Suddenly, the idea of taking a good hard look at converting the Batavia Fire Department to an all volunteer force doesn't seem as attractive to as many council members as it did May 26, when City Council President Charlie Mallow raised the issue in a fiery speech about the high cost of the current paid-professional service.

At that meeting, council members Marianne Clattenburg, Bill Cox, Bob Bialkowski and Rose Mary Christian all expressed support for looking more closely at the idea, with Clattenburg endorsing Mallow's call to arms with a hearty, "here, here."

Tonight, only Mallow kept the flame lit.

"I could foresee a problem with volunteers because of all the tall structures we have in the city," said Clattenburg. "I have real concerns if something disastrous happens."

clattenburg.jpgClattenburg said what she really meant at the previous meeting is that there should be some study on how the city can save money on fire service, such as looking at what cities of similar size as Batavia, with similar structures, do for fire service and how they keep costs down.

Christian, who wasn't quite as vocal in her support of Mallow's proposal in May, was more adamant in her opposition tonight to the idea of switching to an all volunteer force.

Christian made the repeated point -- disputed by Mallow -- that only paid professional fire fighters are trained in how to clear a building in an emergency, that volunteers are not allowed to get evacuation training.

"400 Towers is in my ward, and we have hospitals in the other wards," Christian said. "When you can prove to me that they have the training, then I can agree with it. Until then, I can't."

Christian also raised concerns about how quickly volunteers would respond, noting that current fire personnel can respond to an emergency anywhere in the city within three minutes.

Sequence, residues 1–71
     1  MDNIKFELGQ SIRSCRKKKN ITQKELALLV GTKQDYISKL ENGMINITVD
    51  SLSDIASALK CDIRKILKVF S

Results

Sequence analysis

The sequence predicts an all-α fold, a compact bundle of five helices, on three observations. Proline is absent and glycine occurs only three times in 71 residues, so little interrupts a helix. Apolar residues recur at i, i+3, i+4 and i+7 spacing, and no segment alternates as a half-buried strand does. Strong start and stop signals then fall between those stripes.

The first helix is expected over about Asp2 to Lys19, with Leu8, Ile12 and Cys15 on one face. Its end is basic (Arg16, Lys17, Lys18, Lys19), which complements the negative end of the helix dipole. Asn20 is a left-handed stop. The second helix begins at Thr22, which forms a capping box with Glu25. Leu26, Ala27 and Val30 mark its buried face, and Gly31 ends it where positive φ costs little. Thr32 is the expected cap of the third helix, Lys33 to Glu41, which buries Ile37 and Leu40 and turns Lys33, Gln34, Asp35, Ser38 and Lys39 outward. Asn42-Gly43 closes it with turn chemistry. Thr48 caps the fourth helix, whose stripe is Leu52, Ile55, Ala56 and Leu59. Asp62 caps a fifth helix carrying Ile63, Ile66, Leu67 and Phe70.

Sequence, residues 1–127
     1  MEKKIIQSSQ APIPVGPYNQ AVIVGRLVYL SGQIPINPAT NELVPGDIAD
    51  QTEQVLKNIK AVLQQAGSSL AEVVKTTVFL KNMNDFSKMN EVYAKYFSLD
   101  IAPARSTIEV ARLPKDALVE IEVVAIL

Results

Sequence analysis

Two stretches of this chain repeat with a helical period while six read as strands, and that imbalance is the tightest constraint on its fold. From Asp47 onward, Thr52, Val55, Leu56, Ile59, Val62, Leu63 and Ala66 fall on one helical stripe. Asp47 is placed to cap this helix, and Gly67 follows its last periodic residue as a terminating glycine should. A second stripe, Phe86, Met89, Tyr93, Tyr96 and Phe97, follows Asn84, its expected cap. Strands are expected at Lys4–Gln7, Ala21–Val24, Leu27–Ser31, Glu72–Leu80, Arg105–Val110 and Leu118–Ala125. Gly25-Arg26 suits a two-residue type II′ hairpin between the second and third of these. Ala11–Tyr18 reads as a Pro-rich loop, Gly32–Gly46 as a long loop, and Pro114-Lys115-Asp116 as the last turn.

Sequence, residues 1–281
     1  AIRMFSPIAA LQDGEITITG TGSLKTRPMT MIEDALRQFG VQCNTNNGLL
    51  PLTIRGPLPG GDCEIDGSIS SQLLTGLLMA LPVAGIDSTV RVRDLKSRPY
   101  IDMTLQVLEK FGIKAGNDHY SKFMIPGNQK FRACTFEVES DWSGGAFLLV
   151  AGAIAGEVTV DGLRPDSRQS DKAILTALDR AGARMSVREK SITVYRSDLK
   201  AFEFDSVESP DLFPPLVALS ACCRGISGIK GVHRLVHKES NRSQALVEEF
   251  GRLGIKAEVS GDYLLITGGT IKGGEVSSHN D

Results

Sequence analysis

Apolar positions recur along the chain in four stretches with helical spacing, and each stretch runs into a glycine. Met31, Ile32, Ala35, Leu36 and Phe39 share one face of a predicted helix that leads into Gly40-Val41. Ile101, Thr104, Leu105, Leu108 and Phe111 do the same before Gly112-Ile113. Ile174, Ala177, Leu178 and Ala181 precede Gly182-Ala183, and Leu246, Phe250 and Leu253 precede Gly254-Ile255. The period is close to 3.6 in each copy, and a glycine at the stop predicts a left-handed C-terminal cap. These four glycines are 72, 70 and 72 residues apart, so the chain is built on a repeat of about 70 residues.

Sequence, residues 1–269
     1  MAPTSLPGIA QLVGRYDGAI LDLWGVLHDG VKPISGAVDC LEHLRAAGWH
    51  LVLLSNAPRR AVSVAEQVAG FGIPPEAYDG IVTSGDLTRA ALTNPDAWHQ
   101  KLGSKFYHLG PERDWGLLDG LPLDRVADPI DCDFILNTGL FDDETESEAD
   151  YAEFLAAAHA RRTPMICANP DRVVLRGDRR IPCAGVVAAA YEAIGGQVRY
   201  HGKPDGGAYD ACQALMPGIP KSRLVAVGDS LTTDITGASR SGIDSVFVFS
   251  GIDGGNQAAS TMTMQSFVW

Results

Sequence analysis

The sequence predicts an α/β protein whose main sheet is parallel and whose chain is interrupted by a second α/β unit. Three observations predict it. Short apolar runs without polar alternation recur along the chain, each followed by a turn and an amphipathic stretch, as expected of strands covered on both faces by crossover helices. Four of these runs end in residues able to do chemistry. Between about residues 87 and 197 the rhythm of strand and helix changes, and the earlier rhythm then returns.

When Bialkowski suggested that the City Council set some goals for what it hopes to accomplish with a reconsideration of the fire service, Christian interjected, "Goals are about money, and my goals are safety.  Money isn't always an issue."

And the theme was set for the discussion: This isn't all about money. We need to consider the safety issues as well.

"When we had that fire at Christina's, if not for the immediate response of the fire department, that whole block could have gone down," said Councilman Frank Ferrando.

Mallow reminded council members that terms of the current union agreement doesn't necessarily put safety first. Before any volunteer firefighter can be dispatched to a fire in the City of Batavia, all paid personnel must be called in, even if it means overtime.

"If we're going to talk about safety, let's really talk about safety," Mallow said. "Let's talk about these restrictions."

Mallow also said that there are bigger cities in New York, with bigger structures, that have all-volunteer fire departments.

"Just because we've always done it this way in Batavia doesn't make it right," Mallow said.

Council members are going to form a subcommittee to further study cost saving measures, including potentially coming up with a scheme to include volunteers with paid staff in a single department.

Christian (pictured top in file photo) is a candidate for a seat on the County Legislature and Clattenburg (file photo) is looking to move up from her Ward 2 council seat to a Council At Large seat.